Updated: Aug 22, 2018
By Loret Haas-Hanser
Dementia is a common condition with recent prevalence estimates in the US suggesting over 3 million people show signs of dementia. Impairing daily function, dementia is a progressive neurological disease that has symptoms such as limited social skills, forgetfulness and cognitive impairment. Specifically decreasing memory capability and judgement, dementia is an incurable condition so far. Although incurable, modern medicine has facilitated some breakthroughs that improve quality of life for individuals with dementia. Depending on the stage, treatments like rehabilitation, occupational therapy and cognition-enhancing medication can lessen the loss of brain function associated with dementia. In August of 2017, six researchers reviewed 28 studies that tested the use of music therapy in participants with dementia. An unconventional and pleasantly non-invasive treatment, music therapy in relation to dementia is the therapeutic use of music to restore and promote mental and emotional health.
Music therapy for dementia can help improve memory and cognition, and lower agitation. By reviewing 28 studies in 8 various subcategories of music therapy, researchers established broad results about variables necessary to create a positive relationship between music and improved dementia symptoms. Some variables used by experimenters were audio type, type of music, volume of music and pre-recorded versus a music playlist. The majority of the studies reported positive outcomes of music therapy for dementia patients. Of the 28 studies measured, some variables best correlated with positive results were age-relatedness of music, listening guided by a therapist, and family-recommended joyful music. More than half of the participants involved in these studies had quantifiable statistically significant improvement in disturbances, anxiety, depression, emotional state, and quality of life. In over half of the studies, only 7.2% of dementia patients had an adverse reaction, i.e. symptoms worsening or having immediate tension or anxiety.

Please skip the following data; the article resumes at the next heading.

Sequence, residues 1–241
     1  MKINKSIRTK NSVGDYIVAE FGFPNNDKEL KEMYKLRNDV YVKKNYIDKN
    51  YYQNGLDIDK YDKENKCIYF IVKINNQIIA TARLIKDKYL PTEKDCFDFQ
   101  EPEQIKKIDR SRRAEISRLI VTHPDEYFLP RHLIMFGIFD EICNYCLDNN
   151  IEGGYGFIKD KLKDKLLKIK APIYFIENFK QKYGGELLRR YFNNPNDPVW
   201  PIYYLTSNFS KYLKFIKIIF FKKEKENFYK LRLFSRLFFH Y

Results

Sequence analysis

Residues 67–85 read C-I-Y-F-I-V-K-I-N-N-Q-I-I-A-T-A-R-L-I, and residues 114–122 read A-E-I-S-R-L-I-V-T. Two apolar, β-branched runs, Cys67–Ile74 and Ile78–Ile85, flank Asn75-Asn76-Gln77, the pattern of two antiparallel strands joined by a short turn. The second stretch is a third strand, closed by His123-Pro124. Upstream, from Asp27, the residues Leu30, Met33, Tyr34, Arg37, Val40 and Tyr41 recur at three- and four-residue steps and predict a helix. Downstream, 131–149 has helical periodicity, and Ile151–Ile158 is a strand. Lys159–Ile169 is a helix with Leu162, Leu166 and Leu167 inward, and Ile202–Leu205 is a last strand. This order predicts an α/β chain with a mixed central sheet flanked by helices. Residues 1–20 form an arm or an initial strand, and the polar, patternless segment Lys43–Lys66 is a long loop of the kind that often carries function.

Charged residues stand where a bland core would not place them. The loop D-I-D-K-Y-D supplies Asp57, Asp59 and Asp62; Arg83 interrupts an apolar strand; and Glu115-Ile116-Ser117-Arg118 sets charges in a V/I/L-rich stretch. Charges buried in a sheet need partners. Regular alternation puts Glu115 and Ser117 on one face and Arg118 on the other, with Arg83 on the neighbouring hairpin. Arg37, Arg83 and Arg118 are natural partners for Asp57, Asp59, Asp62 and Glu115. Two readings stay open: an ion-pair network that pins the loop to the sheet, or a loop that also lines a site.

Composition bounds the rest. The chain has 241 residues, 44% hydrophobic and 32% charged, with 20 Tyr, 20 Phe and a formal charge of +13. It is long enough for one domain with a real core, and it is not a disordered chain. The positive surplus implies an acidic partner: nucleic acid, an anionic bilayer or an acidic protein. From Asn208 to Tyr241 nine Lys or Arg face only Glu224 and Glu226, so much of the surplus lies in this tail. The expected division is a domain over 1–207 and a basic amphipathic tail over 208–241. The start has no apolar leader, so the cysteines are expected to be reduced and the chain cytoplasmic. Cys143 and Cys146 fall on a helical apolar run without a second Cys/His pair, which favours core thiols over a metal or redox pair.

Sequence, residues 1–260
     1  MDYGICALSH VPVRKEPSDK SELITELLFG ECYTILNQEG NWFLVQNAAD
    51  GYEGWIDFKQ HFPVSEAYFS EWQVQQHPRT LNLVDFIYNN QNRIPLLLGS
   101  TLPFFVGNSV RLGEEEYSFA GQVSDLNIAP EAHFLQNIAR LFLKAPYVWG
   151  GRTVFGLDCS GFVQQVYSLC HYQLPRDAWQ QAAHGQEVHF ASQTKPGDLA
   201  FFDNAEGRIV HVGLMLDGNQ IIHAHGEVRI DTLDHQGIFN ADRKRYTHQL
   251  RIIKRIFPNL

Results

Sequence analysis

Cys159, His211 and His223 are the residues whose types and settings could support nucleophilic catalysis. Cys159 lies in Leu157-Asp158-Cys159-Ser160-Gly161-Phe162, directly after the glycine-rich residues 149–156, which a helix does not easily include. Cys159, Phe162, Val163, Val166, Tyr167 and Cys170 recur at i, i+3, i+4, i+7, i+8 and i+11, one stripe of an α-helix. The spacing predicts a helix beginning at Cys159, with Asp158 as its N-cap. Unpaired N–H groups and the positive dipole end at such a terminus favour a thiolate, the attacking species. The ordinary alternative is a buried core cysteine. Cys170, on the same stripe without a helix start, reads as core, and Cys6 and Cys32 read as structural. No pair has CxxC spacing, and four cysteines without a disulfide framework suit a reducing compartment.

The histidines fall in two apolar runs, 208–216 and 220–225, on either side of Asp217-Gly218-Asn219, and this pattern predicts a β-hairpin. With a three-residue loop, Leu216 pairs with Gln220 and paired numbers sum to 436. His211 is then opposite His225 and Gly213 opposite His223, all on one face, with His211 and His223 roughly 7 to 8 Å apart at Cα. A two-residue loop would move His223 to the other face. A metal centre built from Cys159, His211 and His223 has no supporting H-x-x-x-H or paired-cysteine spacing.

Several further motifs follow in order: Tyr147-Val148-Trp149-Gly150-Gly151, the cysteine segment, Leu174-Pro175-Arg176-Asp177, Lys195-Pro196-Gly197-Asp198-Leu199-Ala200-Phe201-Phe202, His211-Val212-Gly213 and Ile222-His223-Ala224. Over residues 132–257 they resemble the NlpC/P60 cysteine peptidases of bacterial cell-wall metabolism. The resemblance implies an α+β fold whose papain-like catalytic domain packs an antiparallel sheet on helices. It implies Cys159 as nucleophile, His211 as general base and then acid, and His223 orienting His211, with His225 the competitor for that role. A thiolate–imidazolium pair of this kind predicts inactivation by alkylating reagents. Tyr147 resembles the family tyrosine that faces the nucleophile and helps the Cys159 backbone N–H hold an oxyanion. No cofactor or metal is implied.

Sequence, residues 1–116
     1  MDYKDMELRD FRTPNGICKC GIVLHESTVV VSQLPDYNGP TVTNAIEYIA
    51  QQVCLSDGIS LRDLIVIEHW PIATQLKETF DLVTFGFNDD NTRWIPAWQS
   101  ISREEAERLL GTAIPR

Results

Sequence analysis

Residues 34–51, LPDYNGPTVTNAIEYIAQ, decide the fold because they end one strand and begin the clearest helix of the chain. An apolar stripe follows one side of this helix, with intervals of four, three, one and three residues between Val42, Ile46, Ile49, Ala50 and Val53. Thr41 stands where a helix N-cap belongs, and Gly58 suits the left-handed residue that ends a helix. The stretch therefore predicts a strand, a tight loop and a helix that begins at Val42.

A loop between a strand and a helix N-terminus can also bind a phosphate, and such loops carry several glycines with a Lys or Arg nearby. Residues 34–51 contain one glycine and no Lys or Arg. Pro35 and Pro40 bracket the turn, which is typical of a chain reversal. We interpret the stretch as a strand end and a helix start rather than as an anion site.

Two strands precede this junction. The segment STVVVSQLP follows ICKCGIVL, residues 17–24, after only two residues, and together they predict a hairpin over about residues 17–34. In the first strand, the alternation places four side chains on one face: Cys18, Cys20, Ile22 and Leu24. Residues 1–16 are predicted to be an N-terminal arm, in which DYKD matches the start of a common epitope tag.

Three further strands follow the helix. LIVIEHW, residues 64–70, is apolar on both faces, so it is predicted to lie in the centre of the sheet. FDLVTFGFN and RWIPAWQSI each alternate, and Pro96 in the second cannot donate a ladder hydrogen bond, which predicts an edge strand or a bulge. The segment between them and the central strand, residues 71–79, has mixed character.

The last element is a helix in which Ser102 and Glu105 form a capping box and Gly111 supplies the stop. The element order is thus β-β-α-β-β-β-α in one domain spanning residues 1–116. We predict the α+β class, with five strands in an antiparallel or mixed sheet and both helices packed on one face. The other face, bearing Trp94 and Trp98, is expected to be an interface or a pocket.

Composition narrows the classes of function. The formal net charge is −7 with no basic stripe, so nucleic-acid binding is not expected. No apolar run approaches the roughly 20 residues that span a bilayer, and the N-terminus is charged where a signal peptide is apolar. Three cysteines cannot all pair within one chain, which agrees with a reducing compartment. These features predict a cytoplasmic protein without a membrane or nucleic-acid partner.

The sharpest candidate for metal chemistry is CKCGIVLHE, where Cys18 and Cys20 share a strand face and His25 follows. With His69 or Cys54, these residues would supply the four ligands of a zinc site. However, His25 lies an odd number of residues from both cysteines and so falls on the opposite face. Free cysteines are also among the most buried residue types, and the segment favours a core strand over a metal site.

In some circumstances, music therapy showed a slight unfavorable progression in dementia symptoms. The researchers found that era-based music had the most polarized results, with more negative results from participants with Alzheimer’s than other music types. Conversely, patients with frontotemporal dementia reacted positively to memory-dependent music. Given this observation, it is possible that certain types of dementia are more susceptible to negative correlations when given music therapy.
Facilitating relief from dementia can be life-changing for patients and caregivers alike. Some studies were not as supportive as others; however, information gathered in those with a positive relationship will be developed more in the future. Rather than nursing homes, intrusive therapies, and drugs, something as simple as music can improve quality of life for those suffering from dementia. Even in severe levels of cognitive decline, the beauty of music can help to defy age-related alterations in the brain.
Garrido, S., Dunne, L., Chang, E., Perz, J., Stevens, C. J., & Haertsch, M. (2017). The
Use of Music Playlists for People with Dementia: A Critical Synthesis. Journal of
Alzheimer's Disease, 60(3), 1129-1142.